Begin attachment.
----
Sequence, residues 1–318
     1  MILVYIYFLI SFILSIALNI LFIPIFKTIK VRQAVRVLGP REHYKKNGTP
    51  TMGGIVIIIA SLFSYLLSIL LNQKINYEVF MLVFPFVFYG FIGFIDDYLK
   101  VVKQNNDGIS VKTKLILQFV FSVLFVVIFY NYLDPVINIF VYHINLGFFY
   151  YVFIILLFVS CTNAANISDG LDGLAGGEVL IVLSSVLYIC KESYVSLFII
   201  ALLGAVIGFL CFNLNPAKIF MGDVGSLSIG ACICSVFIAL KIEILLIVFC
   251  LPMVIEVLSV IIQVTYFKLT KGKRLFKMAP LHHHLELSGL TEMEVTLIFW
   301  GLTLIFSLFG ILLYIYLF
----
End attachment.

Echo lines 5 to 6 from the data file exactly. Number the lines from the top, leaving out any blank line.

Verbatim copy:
   151  YVFIILLFVS CTNAANISDG LDGLAGGEVL IVLSSVLYIC KESYVSLFII
   201  ALLGAVIGFL CFNLNPAKIF MGDVGSLSIG ACICSVFIAL KIEILLIVFC